But even if you assume the older telcos never paid an entry fee, how far do you go back to correct this? Should we, for instance, ask Tata Steel to give back all the mines allotted to it 50 years ago since a Jindal Steel which came in later doesn’t have captive mines? Carry the level playing field argument to its logical conclusion and you’ll end up opening up every contract in the country and, mind you, contracts there are no problems with.
Under the DoT proposal, let’s say the bid throws up a price of R20,000 per 5 Mhz. At R4,000 crore per Mhz, this means Bharti has to pay R40,000 crore for its 10 Mhz holdings—but since, let’s say, Bharti has an average of 5 years left in its 20-year licences, it will have to pay R10,000 crore. (An earlier proposal where everyone was to pay for the full 20 years, sort of making each licence co-terminus, was junked.)
How does DoT think it can charge the older telcos for not just their ‘extra’ spectrum over 6.2 MHz, but even charge all the way from 0 MHz? Because, it argues, there’s a clause in the licence which allows it to change terms and conditions whenever it likes, because it says the licence is just a contract for the quantity of spectrum, not its price! If only it had told this to telcos earlier. Sure, DoT says telcos can also provide 3G services in their 2G bands if they give the one-time fee, but surely this needs to be optional?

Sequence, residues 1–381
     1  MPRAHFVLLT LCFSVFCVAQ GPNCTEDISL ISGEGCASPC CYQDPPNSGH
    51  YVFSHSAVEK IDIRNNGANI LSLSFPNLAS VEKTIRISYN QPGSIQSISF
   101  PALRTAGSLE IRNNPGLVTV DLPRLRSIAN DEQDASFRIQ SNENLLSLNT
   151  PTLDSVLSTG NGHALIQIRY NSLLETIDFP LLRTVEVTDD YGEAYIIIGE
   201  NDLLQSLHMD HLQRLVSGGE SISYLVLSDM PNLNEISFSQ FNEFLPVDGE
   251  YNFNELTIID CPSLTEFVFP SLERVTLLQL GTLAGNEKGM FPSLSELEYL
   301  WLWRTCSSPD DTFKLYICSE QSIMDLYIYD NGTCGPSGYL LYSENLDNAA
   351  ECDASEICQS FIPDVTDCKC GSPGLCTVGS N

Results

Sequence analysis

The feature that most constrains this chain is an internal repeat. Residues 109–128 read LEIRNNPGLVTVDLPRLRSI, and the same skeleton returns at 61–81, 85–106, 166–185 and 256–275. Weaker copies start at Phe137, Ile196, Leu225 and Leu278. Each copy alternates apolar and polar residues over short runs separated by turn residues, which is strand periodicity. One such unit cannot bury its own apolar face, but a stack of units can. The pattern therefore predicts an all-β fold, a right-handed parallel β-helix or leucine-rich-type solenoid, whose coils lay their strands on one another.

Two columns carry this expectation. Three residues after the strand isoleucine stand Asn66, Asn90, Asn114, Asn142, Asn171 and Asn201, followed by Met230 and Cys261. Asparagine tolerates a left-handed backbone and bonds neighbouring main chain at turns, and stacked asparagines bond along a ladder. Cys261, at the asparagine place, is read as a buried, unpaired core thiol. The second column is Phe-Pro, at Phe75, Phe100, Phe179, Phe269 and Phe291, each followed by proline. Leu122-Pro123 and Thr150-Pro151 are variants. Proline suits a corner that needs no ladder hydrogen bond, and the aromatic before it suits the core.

But why is it so important to charge telcos from 0 MHz, why not the 6.2 MHz the licence says is the contracted amount? Indeed, even P Chidambaram who heads the EGoM told the PM on July 4, 2008, along with A Raja, that the Raja licensees would be charged a higher price for spectrum beyond 6.2 MHz—also, the DoT has made innumerable submissions saying 6.2 MHz is what it is contracted to give. The reason for the volte face is that DoT has not cancelled the ‘dual technology’ licences even though they were awarded on the same terms as the 122 licences which were cancelled by the Supreme Court. So, if it doesn’t charge firms from 0 MHz, dual-tech firms will get away scot free! But why not just cancel the licences? Probably because straight-forward solutions don’t look as smart.
DoT has other gems. In the case of M&As, it says, telcos will have to pay an extra charge. So, say telco A has 6.2 MHz of spectrum it bought in the 2001 auction and B has 6.2 MHz it got in the 1995 auctions. If both merge, they have to pay for A or B’s 6.2 MHz on the basis of the bid we’ll get in the forthcoming auction. But why, since the telcos both paid for their spectrum, in 1995 and 2001. Unless this is because the DoT feels 1995 was not an auction, indeed that no one paid the market price for spectrum before 2001.
But all of this is quibbling. If the government can go and change the law retrospectively—and this has been done many times before Pranab Mukherjee did it—to tax Vodafone, why talk of contracts and rights? If the government can decide Reliance is only a contractor and has no rights over the KG Basin gas even though its contract says differently, why talk of rights? If the government can lop off 1.5 years from Qualcomm’s licences, why talk about rights? For all these firms, and more, let’s talk about rites, of the last kind.